He dropped all mental links, redoubled his personal shielding.  A whisper of power deadened any sounds his steed made as it cantered through the snow.  Then he reached for the small, loaded crossbow hanging by its strap from the saddle horn.  It was the almost impossible to re-load while mounted, and took time to do so on foot.  He would have only one shot with it.  The others had similar weapons, each with bolts dipped in a special concoction that Nerisse had come up with.

Surprise was their primary weapon.

Tapping into the nearest Shadow he used as living reservoir, he drew the power needed to form and sustain an arcane ‘net’ – a kind of shield that would capture mage messages and dampen a mage’s ability to fight back.  It had taken weeks of work to devise the thing.  It wasn’t perfect, working best when anchored to something physical such as a cross bolt.  Still, it sufficed.  It only had to last long enough for Nerisse’s drug to take effect.

Within minutes, he spotted his prey.  The Shadowed Ones had faded into the merest hints of outlines, just flickers of darkness at the edge of vision.  Picking up the psychic threads that linked him with the minds of his comrades, he synced with them on the mental plane.  They had reached their positions.

He made his move.

Urging his mount into a full gallop, he raised the crossbow, aimed, fired.  The bolt hit the cloaked man in the shoulder.  A second bolt hit his thigh as he stumbled.  The leg collapsed under him.  The Mancer fell to the ground.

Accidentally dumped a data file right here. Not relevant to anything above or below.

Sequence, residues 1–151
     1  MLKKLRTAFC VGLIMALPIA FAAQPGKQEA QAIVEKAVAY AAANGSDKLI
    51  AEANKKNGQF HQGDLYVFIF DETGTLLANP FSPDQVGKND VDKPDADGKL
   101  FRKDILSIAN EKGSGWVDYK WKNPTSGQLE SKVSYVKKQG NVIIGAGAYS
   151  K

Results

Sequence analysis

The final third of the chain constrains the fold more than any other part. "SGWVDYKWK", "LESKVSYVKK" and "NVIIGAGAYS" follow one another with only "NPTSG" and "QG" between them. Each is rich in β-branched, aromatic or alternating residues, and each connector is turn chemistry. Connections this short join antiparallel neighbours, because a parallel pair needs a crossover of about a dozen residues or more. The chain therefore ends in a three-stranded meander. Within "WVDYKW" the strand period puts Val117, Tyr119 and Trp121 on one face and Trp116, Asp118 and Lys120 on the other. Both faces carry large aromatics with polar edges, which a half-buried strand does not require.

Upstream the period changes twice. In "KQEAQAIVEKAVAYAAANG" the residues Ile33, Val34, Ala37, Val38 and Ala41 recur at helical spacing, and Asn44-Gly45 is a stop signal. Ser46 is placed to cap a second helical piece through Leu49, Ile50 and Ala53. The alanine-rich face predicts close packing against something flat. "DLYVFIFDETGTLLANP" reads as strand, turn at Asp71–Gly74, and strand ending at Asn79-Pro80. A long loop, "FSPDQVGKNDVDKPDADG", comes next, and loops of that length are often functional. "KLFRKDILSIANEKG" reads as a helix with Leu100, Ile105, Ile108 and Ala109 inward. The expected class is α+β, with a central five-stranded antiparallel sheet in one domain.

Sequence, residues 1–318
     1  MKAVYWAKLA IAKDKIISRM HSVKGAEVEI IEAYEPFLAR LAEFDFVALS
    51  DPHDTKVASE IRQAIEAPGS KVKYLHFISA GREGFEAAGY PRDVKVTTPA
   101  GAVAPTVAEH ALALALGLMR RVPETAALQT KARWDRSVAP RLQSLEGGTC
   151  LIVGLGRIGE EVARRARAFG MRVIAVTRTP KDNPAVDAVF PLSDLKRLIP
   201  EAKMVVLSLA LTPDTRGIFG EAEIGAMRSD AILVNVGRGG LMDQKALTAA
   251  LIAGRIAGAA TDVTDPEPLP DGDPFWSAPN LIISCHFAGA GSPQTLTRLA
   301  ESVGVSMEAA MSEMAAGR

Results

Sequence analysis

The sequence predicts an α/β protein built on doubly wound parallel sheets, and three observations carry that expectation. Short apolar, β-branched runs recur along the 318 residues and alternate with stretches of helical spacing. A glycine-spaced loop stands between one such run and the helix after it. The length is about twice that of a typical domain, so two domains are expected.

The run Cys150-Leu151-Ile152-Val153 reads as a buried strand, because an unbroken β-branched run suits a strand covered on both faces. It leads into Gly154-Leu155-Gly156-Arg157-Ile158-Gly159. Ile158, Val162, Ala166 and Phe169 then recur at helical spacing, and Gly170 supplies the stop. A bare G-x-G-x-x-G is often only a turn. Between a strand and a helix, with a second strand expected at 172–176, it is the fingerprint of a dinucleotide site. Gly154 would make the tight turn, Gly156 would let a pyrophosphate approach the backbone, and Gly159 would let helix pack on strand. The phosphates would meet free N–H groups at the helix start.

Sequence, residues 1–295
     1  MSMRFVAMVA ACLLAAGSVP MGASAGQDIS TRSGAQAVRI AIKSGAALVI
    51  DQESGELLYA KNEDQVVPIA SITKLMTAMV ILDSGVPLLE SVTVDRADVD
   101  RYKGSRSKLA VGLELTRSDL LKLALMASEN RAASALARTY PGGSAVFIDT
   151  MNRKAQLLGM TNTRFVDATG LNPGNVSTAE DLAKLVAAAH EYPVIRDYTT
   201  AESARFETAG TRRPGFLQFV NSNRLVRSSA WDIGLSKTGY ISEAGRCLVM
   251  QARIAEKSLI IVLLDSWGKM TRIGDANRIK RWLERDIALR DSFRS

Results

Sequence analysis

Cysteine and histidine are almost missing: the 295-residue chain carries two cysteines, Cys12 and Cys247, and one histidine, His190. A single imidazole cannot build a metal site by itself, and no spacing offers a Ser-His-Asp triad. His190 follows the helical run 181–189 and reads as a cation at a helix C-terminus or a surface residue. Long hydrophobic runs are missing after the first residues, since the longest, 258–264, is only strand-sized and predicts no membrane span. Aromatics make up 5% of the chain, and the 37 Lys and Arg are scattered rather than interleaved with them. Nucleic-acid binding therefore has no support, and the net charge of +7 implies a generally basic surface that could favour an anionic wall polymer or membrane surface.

With two good hits, the third – Nerisse’s – wasn’t fired.  Ba’tvian allowed his beast to carry him past the Mancer into the trees beyond, then wheeled the steed around.  He kept out of sight of his prey, checking the net he’d created.  He could see it in his mind’s eye, a dome of woven power lines the color of blood.

Around the wounded man, the Shadows swirled.  The Mancer held a hand in front of him, palm out.  It glowed, flaring bright yellow as a burst of magic shot out to disperse the half-seen creatures surrounding him.  It passed through the net, losing momentum and power as the net flickered around it.  For a bare instant, it visible to the naked eye.  So, too, was the emblem that Ba’tvian had devised, a set of arcane runes that identified him as the maker.

He wanted his enemy to know who was killing him.

He tightened the net around the man as he struggled to his feet.  The dark things crept in closer.  His prey let another volley loose with less effect than the first.  He yanked the bolt from his thigh, went for the bow and arrows at his back.  Ba’tvian ordered his Shadowed Ones to disperse as the arrows began to fly.  The blood mage engaged his mind with Nerisse’s.

How long do we have?

There was a pause.  He could sense her checking the integrity of the Mancer’s shielding.

A minute, perhaps less.  His personal shields are beginning to fail.  Once they do, the only defense he will have will be his physical weaponry.